Exploration of Low-Cost Solid Waste Coffee Processing to Bio-Carotenoids Production
Mariana Dias Moreira1, Jéssica Marques Coimbra1, Marcela Magalhães Melo1, Luciana Silva Ribeiro1, Kelly Cristina dos Reis2, Rosane Freitas Schwan1 and Cristina Ferreira Silva1*
1Department of Biology, Federal University of Lavras, Brazil
2Department of Hydraulic and Environmental Engineering, Federal University of Ceará, Brazil
*Corresponding Author: Cristina Ferreira Silva, Associate Professor of Agricultural Microbiology, Department of Biology, Federal University of Lavras (UFLA), Brazil.
Received: July 14, 2021 ; Published: August 19, 2021
To solve the high-cost production of natural microbial carotenoids, we sought to use coffee processing of low-cost solid waste, as well as high productivity. In this sense, coffee pulp extract (PE) and coffee husk extract (HE) supplemented were used as substrate to carotenoids production by two yeast strain Rhodotorula mucilaginosa CCMA 0156 and CCMA 0340, and one bacteria strain, Dermacoccus nishinomiyaensis CCMA 0685. Three different solvents were used for the extraction and recovery of intracellular carotenoids. The productivity was evaluated employing Plackett-Burman design and Central Composite Design. Maximum specific carotenoids production (361.29 ± 36.0 µg g-1) was obtained in maximum pulp extract and peptone concentration (6.68% e 10.04 g L-1, respectively) and middle concentration of yeast extract (3 g L-1) by CCMA 0156. Both the pulp and the husk supplemented were suitable substrates to produce carotenoids with maximum production of 361 and 296 μg g-1. The supplementations shall be carried out; however, it is possible replace pure chemical for by-products. After the optimization process, carotenoid production in PE and HE increased 4.43-fold and 3.08-fold, respectively. The best extract process was using acetone: methanol (7:3, v/v). To reduce the cost of carotenoids production the use of solid waste from coffee processing is a good alternative without lose the productivity by yeasts.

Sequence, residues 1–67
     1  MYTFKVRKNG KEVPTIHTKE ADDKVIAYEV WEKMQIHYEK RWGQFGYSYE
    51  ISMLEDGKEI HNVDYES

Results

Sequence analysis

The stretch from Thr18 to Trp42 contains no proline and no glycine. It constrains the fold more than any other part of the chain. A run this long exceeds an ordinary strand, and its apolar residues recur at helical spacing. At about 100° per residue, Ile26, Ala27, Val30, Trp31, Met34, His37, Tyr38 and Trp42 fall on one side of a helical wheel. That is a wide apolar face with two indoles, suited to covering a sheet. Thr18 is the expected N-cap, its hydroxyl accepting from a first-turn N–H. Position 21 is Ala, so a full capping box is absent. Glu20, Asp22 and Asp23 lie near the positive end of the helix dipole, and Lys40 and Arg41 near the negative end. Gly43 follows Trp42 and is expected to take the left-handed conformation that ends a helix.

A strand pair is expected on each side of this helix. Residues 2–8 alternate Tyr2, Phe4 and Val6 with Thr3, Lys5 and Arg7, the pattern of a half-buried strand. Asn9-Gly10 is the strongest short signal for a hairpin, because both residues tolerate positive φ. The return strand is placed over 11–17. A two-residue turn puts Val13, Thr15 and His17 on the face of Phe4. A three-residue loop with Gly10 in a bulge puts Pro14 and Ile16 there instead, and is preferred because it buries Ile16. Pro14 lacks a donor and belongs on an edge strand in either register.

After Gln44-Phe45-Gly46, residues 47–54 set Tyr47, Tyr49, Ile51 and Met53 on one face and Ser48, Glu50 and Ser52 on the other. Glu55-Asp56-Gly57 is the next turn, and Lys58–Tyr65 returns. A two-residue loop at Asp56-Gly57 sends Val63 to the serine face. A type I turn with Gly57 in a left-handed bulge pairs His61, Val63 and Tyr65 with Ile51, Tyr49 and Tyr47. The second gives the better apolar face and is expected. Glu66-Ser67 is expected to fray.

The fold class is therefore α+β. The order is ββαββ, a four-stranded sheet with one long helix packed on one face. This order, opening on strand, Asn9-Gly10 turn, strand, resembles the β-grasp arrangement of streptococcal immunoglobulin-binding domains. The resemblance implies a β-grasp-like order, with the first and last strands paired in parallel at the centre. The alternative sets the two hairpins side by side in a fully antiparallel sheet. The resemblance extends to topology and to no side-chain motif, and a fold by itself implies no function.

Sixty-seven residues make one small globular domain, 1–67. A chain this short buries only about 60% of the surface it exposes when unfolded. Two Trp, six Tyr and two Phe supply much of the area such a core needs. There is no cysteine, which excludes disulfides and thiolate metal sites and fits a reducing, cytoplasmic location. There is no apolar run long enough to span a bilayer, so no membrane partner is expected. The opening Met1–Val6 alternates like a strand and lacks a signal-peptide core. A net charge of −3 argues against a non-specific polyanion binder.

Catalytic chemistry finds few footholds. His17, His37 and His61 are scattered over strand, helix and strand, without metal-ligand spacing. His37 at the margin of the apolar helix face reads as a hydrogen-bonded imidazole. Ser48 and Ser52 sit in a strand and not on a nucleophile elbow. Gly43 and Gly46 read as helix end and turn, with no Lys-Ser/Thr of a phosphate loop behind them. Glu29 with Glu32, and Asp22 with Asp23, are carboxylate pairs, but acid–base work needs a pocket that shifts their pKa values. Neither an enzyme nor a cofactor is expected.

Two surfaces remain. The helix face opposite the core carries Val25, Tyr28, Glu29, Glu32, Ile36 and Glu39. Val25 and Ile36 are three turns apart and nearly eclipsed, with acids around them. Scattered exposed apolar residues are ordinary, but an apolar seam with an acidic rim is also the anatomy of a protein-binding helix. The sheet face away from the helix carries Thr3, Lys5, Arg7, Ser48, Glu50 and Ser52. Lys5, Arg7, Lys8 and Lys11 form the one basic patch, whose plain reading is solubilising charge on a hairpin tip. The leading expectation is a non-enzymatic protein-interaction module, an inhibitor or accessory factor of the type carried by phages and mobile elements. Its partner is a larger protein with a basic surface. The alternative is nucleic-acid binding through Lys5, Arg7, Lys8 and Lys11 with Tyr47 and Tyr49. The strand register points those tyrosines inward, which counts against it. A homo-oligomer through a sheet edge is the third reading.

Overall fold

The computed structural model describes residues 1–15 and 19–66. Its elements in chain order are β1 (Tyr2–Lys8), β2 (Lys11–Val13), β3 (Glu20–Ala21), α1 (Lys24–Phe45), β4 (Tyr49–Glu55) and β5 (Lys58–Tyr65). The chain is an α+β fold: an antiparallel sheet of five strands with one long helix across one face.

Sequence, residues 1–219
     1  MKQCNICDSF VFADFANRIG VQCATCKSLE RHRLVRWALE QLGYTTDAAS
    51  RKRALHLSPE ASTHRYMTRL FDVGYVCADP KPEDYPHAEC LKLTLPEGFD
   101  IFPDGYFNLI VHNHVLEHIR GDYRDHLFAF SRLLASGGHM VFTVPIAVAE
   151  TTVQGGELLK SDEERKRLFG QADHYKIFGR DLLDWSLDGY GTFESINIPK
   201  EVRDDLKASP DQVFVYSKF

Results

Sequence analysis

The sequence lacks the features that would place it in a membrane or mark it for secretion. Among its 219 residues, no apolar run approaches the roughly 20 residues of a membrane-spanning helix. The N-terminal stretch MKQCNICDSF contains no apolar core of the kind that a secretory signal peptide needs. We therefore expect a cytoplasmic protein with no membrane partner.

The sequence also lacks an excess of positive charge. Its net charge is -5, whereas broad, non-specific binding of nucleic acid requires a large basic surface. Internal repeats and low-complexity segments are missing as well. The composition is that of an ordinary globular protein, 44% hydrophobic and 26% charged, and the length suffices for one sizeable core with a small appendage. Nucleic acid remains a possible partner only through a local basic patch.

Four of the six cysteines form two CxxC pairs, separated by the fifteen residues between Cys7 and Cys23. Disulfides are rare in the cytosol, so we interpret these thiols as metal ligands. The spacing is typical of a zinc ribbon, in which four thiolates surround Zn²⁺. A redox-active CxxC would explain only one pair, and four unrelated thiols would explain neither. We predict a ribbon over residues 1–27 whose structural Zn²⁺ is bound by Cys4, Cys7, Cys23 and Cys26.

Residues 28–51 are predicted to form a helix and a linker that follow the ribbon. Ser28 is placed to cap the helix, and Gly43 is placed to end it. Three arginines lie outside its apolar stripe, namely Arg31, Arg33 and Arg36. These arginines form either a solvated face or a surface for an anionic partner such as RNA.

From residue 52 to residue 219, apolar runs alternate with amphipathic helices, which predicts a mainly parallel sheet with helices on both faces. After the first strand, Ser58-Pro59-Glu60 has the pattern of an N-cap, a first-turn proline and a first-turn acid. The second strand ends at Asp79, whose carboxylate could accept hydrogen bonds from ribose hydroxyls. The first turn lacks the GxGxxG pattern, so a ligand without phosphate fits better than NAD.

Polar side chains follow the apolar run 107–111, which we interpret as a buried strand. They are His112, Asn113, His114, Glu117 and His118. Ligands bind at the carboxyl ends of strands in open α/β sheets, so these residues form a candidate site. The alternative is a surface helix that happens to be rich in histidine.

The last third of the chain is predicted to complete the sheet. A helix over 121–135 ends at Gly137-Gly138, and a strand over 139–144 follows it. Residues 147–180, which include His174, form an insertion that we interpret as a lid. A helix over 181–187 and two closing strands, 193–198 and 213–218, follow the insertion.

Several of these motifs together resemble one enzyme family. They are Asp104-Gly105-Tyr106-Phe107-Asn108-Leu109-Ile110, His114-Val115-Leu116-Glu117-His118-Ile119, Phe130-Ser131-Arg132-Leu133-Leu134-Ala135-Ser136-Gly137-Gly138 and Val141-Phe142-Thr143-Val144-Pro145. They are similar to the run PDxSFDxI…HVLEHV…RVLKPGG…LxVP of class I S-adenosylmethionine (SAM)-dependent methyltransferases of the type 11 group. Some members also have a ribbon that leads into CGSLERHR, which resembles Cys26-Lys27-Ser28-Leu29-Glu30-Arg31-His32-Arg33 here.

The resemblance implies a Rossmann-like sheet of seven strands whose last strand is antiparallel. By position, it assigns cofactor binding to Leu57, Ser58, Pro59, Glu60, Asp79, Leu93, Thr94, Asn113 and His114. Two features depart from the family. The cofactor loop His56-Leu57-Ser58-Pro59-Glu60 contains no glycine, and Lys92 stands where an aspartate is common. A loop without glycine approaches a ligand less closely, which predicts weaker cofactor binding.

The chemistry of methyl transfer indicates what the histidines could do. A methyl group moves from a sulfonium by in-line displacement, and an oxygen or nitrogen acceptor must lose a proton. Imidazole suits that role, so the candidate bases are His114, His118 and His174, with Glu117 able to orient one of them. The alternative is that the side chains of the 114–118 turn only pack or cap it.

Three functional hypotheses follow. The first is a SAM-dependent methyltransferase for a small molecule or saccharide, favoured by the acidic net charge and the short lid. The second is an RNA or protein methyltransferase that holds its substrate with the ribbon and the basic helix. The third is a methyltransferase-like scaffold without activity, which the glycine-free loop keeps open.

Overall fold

Keywords: Waste Coffee; Carotenoid; Rhodotorula mucilaginosa; Dermacoccus nishinomiyaensis
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